Closure of cardboard processing mills having noticeable impact on Jerseyville
If you’re a current subscriber, log in below. If you would like to subscribe, please click the subscribe tab above.
Username and Password Help
By Steven Spencer
The temporary closure of multiple cardboard processing mills has had a noticeable impact on the local community.
Boxes of cardboard and recycling have been overflowing from several recycling bins throughout town and has left the Illinois Valley Economic Development Corporation with over 80 tons of cardboard in their Jerseyville workshop.
“Unfortunately, as of January, IVEDC had to suspend their cardboard recycling program dude to the processing mill temporarily ceasing operations,” Brenda Pacini, Chief Operating Officer said. “This has had a great impact on the local community and businesses. IVEDC is currently seeking other outlets for their recycling program and plans to continue the program once that has been secured.”
Illinois Valley Economic Development Corporation is a Community Action Agency operating multiple service programs within the community. Their Community Day Services Program, located in Jerseyville, processes cardboard recycling as a means to provide work and income to many of the developmentally disabled clients that attend their program.
Scott Burns, Workshop Manager, said they’ll finally be sending out one load of cardboard next week, but haven’t shipped one since October.
“I don’t know if this mill is opened up or if it opened up enough to take one load,” Burns said. “But when they called and said they could get one load out of there I said give it to me, we’ll take it.”
Even with one load out of the workshop, Burns said they’ll still be sitting on over 100 bales and 80 tons of cardboard.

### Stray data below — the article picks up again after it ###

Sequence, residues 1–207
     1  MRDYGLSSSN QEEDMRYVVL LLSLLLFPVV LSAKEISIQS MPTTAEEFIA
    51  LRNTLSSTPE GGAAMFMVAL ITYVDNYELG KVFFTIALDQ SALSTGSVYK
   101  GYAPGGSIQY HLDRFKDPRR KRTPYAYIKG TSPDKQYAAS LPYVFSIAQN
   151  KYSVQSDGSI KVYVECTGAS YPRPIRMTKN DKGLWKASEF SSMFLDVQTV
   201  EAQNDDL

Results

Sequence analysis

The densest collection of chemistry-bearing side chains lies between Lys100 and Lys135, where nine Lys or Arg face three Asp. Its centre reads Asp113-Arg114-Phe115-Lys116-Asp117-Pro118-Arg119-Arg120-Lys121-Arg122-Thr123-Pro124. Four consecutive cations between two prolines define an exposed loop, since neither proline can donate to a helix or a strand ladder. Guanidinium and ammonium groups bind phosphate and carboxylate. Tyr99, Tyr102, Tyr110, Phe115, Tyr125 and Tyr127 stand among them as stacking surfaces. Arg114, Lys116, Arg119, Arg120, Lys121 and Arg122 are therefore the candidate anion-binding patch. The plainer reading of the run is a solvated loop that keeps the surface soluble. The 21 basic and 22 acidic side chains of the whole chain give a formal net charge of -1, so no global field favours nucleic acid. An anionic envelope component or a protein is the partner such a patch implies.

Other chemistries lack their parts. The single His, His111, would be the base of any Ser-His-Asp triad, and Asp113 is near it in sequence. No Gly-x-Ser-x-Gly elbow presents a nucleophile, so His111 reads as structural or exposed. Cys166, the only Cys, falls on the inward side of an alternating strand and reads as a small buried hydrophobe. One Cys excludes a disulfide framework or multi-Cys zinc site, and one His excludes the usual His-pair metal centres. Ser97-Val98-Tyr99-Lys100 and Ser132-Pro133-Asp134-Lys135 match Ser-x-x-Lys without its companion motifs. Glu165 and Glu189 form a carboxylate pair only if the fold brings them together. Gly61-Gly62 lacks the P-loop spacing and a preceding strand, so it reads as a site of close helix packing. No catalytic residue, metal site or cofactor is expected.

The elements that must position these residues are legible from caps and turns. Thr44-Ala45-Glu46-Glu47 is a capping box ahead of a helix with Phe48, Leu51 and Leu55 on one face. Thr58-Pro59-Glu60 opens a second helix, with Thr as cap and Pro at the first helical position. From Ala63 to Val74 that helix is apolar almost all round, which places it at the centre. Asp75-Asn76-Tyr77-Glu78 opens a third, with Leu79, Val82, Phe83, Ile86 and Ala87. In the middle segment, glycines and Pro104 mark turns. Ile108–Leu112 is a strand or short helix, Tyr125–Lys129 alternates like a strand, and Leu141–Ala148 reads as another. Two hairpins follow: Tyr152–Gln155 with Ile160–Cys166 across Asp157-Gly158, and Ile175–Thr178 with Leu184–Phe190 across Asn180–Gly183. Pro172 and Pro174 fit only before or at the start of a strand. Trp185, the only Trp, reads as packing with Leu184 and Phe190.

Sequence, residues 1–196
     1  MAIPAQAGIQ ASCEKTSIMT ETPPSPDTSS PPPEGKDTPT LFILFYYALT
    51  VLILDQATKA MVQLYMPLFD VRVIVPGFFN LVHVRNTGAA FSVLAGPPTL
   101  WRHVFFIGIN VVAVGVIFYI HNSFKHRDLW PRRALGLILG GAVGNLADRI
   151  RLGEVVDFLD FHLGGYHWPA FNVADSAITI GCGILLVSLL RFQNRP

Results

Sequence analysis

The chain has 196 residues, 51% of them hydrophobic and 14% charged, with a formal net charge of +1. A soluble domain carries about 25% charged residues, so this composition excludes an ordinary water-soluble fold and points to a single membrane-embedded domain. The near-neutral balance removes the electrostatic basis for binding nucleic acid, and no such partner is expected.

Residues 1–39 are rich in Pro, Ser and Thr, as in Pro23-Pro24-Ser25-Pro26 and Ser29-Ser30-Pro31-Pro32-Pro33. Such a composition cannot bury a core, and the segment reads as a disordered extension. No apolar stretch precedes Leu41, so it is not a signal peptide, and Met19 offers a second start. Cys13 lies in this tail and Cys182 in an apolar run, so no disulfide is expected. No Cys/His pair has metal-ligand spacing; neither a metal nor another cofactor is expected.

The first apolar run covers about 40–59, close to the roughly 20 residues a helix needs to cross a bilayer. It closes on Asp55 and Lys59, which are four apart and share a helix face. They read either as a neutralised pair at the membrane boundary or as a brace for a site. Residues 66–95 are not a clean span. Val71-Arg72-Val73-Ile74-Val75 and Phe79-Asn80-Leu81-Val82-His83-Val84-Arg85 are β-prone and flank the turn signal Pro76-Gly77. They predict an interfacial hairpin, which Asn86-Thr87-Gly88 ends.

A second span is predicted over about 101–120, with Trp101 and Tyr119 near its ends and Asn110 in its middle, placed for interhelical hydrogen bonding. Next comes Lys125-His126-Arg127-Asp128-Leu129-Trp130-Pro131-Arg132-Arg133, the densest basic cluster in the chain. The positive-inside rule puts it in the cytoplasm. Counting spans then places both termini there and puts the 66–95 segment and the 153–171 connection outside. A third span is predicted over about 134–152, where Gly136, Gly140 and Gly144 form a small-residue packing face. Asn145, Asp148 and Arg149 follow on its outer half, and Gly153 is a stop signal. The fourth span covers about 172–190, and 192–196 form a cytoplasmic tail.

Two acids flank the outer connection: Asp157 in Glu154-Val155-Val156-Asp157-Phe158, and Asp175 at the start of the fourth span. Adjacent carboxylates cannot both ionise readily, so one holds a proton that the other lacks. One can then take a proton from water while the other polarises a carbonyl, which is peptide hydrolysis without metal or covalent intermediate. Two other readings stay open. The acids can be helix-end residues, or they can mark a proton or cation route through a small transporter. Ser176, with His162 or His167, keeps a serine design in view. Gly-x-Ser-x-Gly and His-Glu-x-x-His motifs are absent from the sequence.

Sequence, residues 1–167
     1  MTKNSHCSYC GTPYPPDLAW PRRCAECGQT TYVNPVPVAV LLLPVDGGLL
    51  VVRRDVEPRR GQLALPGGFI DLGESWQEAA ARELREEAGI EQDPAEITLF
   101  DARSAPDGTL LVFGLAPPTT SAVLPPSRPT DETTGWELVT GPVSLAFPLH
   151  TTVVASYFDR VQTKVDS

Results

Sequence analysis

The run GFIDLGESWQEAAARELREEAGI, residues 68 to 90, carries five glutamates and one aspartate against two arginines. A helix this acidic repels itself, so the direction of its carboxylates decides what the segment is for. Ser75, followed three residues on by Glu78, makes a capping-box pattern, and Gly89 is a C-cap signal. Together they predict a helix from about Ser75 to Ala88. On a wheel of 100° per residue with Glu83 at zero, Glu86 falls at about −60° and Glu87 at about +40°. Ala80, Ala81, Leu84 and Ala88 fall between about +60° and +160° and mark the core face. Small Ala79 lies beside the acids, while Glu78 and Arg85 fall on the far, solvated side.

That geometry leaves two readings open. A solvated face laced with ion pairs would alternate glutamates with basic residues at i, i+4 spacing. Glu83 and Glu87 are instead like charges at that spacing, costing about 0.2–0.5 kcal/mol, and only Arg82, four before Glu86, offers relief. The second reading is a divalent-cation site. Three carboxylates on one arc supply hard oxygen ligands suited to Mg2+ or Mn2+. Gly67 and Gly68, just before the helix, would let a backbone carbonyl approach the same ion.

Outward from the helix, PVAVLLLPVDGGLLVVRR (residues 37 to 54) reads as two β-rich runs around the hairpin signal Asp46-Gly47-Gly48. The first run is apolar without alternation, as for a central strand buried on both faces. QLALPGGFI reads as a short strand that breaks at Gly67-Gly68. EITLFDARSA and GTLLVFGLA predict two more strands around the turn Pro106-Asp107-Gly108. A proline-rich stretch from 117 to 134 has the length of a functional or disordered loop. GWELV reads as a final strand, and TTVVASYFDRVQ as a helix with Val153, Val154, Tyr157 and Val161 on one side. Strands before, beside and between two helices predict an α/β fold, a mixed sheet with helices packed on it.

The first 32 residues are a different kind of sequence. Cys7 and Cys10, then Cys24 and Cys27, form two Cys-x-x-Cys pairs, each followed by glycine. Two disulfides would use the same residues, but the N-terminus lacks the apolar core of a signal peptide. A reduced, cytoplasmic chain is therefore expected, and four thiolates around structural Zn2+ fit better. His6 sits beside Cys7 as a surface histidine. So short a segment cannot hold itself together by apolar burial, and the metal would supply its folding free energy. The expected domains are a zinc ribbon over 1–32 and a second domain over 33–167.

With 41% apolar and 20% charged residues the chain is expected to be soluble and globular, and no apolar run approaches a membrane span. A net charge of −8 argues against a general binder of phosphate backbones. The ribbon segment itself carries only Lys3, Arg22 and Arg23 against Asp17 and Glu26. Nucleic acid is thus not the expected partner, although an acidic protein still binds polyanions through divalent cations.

“We pick up around 65 stops a week here in town, we do like 18 a day,” Burns said. “I come into work and I pick up the clients when they get there, we drive around to almost everybody in town and we pick up bins with the cardboard they save for us. We bring it back to the shop and bale it.”
Burns said the program was never really designed to make money, but to provide work for their clients, which is his biggest concern.
“We’re there for them. We’re there to help them,” Burns added.
Burns said Republic Services is helping them get the one load out in the next few days and hopes this is a sign that mills will be opening again soon so that the IVEDC clients can get back to work.
“We’re still going to have 70 to 80 tons in the shop,” Burns said. “Hopefully, once we get this load out we can get a couple more out. It’s a good sign, but they still haven’t told me it’s going to be opening up after this. But our clients come first, we are still here and the program is going to keep going, we’re trying to take care of them while we’re shut down.”